As such, stakeholders should expect Budget 2018 to hew closely to topics that the Liberals already emphasized in their last two fiscal plans. Investments in innovation, skills development, and science (informed by the Fundamental Science Review report), along with tweaks to Federal infrastructure spending, are expected to form the backbone of the budget. As mentioned, the Government is unlikely to see tax increases as a palatable solution to its spending demands. However, ‘recouping’ revenue by cancelling some targeted tax credits is possible.
The Liberal Party’s Election 2015 platform contained less than 400 words on the subject of international trade, the vast majority of which spoke to doing more business with the U.S. and Mexico. Yet, trade has become a defining issue for the Liberals in government. Within the first year of the Government’s mandate, Comprehensive Economic and Trade Agreement
(CETA) was failing at the finish line and President Trump’s trade skepticism had thrown the TPP and NAFTA into doubt. CETA is now in place and the TPP is finalized and due to be signed on March 8, but NAFTA remains at risk.
In the next few months the tri-lateral negotiations on NAFTA will continue to be one of the Government’s highest priorities. The negotiations resumed in Montreal this week and one additional round of negotiations will occur before the originally-planned deadline of March 2018. This month, Global Affairs Minister Chrystia Freeland pledged to be “creative” during the remaining negotiating rounds and Prime Minister Trudeau professed optimism that NAFTA will survive, but the frank truth is that little common ground has been found on the most contentious issues, such as intellectual property, automotive manufacturing and dispute settlement.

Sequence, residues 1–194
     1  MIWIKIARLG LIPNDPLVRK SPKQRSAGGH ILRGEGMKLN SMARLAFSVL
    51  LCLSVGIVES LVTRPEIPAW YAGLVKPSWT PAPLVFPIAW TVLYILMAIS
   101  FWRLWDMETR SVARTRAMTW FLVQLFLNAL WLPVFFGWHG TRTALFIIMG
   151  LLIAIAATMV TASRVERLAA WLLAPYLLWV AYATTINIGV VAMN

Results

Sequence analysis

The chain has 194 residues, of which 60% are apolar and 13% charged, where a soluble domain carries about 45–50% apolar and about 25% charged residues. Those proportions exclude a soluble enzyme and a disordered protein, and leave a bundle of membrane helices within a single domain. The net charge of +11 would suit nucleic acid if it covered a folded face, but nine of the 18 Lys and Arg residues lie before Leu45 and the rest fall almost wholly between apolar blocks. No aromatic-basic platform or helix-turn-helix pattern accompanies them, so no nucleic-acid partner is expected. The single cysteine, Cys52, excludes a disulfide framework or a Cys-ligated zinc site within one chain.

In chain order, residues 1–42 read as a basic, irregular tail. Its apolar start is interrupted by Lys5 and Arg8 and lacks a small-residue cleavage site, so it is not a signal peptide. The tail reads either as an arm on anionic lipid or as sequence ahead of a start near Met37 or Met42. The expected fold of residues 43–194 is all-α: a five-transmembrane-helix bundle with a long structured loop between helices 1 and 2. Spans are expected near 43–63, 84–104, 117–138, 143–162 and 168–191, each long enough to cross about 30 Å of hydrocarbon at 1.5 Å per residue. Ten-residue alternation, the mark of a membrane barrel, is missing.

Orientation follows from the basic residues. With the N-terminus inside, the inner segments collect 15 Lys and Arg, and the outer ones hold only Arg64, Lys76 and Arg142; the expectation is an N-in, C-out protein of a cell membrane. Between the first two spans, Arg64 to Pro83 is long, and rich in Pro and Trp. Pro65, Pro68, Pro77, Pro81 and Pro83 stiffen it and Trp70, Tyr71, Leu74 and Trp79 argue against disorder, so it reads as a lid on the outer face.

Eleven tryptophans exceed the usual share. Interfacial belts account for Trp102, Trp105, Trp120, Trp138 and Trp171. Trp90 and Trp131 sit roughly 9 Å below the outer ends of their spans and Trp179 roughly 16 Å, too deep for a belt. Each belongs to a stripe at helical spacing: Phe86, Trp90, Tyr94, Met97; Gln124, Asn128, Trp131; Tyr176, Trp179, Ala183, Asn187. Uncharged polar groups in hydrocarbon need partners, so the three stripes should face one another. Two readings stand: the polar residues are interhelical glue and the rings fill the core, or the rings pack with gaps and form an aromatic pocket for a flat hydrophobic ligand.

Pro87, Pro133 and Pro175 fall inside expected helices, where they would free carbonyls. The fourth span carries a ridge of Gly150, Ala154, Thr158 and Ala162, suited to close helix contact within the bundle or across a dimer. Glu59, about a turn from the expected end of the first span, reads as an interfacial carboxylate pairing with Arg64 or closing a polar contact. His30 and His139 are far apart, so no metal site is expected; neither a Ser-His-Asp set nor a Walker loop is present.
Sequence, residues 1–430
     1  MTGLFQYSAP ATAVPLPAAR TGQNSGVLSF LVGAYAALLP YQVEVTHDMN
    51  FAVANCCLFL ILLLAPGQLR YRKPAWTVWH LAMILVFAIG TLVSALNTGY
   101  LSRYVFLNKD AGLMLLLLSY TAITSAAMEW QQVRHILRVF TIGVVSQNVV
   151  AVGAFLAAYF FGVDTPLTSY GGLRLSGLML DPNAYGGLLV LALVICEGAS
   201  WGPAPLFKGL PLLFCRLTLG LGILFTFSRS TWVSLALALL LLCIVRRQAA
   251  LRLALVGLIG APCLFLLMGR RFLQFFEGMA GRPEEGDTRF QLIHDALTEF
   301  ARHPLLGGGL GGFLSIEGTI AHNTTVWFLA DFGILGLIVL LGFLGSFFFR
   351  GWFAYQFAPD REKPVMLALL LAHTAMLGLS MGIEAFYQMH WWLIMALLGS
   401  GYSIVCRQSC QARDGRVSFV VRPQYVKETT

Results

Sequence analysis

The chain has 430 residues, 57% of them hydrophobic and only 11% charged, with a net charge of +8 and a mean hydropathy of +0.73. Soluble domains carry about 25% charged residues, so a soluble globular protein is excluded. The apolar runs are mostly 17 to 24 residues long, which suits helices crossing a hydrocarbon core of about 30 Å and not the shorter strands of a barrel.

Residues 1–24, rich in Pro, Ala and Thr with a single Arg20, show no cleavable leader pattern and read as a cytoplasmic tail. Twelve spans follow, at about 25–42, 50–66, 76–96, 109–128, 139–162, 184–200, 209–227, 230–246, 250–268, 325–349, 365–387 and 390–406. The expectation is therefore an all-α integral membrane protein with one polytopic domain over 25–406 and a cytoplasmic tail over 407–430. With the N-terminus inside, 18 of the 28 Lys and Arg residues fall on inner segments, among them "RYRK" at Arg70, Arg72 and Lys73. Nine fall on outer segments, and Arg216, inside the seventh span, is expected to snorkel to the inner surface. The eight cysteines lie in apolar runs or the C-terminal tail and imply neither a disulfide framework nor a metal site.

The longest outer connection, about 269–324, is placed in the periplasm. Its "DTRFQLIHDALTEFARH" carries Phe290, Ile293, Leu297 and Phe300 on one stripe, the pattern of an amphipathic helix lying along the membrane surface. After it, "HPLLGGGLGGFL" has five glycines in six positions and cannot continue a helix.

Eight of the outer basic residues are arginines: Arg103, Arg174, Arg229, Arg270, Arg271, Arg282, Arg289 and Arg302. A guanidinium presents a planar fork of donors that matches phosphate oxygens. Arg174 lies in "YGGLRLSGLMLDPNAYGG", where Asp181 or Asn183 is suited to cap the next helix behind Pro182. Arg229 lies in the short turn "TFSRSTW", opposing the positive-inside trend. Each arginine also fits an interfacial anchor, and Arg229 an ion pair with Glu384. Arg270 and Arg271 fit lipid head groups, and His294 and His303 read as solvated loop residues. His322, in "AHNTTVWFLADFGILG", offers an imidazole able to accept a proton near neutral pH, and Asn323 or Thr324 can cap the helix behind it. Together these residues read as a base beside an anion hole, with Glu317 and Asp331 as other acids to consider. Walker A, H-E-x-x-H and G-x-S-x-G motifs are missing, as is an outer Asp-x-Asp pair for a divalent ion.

Stakeholders should expect the negotiations to continue in some form after March 2018. However, with Mexico’s Presidential Election and the U.S. midterm elections approaching in July and November respectively, the risk of the negotiations breaking down, at least temporarily, in 2018 is quite high.
Over the next year, Environment Minister Catherine McKenna is tasked with delivering on two major policies: a Federal carbon pricing backdrop and a Clean Fuel Standard. In mid-January, the Government released draft legislative proposals and a regulatory framework for carbon pricing. Stakeholder feedback on those items is due by February 12 and April 9, respectively.
The Federal backdrop would only apply in provinces that do not impose a comparable carbon pricing scheme by the end of 2018. So far, Alberta, British Columbia, Ontario, and Quebec have done so, with Saskatchewan being the most vocal holdout. However, carbon pricing in Alberta is likely to be eliminated if the United Conservative Party comes to power in that province’s 2019 election – a possibility which presents a looming jurisdictional battle for the Federal Liberals should they be re-elected in 2019. In an interesting political challenge for the Liberals, opposition to carbon pricing has also emerged in Atlantic Canada, where every Federal riding is held by a Liberal, but where cash-strapped Provincial Governments have apparently calculated that their struggling economies and tax bases can ill-afford a new tax. Any way you look at it, how the Liberals draft the carbon pricing legislation and then communicate that to voters this year is sure to influence the dynamic of Election 2019.